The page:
California is among about a dozen states in the process of launching a college savings plan in the wake of new federal tax laws that give these plans special tax treatment.
Thanks to tax laws passed in 1996 and 1997, parents can save through qualified state college savings plans on behalf of their children, and the money is allowed to grow on a tax-deferred basis. In other words, no one pays tax on the buildup until the money is withdrawn to pay college expenses. And then, it is taxed at the child's income tax rate.
The Golden State Scholarshare Trust, which received approval last year and formally took effect in January, is a savings plan in which parents can save anything from a small amount to the full cost of college tuition, fees, transportation and lodging.
The money will go into a state pool that will be managed by an outside firm, said Bob La Liberte, Scholarshare implementation consultant with the California Student Aid Commission in Sacramento. The money is expected to be invested in a diversified mix of assets, including cash, stocks and bonds. However, it is unclear what rate of return parents might expect to earn on the money.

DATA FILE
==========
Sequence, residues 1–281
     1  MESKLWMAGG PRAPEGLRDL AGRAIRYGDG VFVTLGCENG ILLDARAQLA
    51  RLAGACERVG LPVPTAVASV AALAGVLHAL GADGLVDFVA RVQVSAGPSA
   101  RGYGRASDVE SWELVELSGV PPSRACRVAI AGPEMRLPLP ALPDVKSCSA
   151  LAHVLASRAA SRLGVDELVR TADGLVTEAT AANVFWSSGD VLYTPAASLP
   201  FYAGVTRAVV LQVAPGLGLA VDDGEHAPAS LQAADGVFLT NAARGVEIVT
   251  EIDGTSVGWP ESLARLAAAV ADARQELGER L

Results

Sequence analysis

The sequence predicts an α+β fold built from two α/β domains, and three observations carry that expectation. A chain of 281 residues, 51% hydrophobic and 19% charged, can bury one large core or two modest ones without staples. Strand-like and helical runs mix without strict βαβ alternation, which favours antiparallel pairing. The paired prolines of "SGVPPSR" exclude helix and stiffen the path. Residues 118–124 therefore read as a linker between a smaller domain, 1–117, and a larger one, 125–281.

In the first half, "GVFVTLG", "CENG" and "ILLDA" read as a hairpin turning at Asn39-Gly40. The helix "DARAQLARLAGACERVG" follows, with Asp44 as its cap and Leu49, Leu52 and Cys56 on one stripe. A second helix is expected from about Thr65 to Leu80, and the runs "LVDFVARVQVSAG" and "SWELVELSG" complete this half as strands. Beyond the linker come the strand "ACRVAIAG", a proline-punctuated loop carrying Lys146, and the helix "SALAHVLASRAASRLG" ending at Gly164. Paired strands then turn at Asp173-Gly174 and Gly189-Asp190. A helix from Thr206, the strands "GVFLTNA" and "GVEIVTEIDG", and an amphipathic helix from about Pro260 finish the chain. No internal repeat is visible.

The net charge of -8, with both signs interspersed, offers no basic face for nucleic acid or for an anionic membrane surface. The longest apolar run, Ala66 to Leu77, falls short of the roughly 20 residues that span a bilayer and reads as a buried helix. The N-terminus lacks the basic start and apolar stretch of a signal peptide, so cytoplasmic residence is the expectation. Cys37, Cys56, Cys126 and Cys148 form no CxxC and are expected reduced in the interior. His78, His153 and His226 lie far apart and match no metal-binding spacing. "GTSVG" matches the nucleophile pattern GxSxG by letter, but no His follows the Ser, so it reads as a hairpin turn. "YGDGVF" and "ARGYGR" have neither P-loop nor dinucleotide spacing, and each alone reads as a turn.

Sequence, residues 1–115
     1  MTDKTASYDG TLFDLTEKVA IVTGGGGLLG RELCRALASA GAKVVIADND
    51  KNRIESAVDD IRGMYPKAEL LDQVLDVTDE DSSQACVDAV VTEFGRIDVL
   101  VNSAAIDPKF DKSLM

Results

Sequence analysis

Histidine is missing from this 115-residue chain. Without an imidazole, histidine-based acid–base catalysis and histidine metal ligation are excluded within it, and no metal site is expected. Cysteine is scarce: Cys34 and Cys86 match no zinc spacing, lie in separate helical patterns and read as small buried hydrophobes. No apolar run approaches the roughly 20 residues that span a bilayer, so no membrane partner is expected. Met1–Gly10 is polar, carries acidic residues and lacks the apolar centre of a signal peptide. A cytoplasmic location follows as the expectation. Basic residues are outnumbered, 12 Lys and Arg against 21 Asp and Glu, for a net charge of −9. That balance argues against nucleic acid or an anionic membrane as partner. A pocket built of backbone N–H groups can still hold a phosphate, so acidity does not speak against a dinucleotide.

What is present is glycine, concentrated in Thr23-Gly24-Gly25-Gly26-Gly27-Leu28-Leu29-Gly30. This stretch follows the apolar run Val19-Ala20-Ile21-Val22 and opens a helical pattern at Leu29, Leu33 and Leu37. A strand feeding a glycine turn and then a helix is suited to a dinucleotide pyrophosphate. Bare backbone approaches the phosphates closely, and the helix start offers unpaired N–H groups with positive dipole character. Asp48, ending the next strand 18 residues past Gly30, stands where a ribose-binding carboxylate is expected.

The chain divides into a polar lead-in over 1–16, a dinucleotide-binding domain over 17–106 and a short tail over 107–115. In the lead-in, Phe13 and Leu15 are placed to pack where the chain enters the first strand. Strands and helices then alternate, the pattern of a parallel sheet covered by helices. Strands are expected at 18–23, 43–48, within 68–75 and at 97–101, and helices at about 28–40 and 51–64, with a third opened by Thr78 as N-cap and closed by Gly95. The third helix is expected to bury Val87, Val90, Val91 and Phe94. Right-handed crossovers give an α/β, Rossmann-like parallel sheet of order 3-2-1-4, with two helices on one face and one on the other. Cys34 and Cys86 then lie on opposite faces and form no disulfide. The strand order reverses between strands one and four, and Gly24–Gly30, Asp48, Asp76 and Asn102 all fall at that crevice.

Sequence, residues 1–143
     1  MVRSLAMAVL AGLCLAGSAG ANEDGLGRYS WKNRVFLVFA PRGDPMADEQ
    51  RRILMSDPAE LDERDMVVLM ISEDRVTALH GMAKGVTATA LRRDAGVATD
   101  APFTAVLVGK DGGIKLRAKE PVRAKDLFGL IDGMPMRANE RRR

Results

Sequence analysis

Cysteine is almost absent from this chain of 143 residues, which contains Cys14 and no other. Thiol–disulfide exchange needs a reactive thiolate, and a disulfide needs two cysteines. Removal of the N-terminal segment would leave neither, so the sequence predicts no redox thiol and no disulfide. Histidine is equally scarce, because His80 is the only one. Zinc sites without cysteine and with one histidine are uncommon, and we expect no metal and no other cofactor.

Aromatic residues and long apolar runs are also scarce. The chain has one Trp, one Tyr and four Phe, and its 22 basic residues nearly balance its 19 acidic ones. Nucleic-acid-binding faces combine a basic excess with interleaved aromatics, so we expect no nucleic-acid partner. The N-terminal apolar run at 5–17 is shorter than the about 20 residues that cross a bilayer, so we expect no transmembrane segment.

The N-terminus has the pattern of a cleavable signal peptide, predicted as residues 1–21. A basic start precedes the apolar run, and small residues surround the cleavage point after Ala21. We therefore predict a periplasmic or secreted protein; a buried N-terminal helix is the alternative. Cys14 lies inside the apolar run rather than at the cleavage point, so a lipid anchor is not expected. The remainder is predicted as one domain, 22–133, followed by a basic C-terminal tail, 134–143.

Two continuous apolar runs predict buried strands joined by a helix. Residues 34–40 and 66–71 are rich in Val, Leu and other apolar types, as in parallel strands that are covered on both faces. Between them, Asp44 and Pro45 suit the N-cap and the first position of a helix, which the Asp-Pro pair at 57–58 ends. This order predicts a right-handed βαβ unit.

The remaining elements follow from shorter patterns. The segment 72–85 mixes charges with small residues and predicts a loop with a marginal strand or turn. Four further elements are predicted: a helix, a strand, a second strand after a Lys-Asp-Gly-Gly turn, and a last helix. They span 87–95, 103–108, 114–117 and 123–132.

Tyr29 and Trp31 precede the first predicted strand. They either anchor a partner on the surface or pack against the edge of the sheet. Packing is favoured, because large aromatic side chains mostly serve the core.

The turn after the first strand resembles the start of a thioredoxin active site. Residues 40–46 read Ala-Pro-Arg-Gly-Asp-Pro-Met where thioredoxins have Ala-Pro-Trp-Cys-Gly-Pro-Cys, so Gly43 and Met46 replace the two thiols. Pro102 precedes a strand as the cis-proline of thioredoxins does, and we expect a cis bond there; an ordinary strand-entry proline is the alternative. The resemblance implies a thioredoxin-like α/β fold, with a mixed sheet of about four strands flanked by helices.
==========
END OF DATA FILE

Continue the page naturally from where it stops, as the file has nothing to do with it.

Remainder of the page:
When the child reaches college age, the money can be used at any accredited college or university. The trust will simply send the tuition check to the college that the child picks. However, while savings plans like the one that California adopted are highly flexible, they do not guarantee to pay the full cost of college. They simply give parents a tax-favored option that can be used like any other dedicated savings account. The one catch: If the child decides not to go to college--or the parents decide they need the money for some other purpose--the state will impose a penalty. The amount of the penalty has not yet been determined.
The state expects to have more details in late summer after it completes the bidding process with investment vendors, La Liberte said. Until then, parents who want more information about Scholarshare can visit the organization's Web site at http://www.csac.ca.gov. Parents can also call (916) 526-7590 and leave a message to have plan materials forwarded once they become available.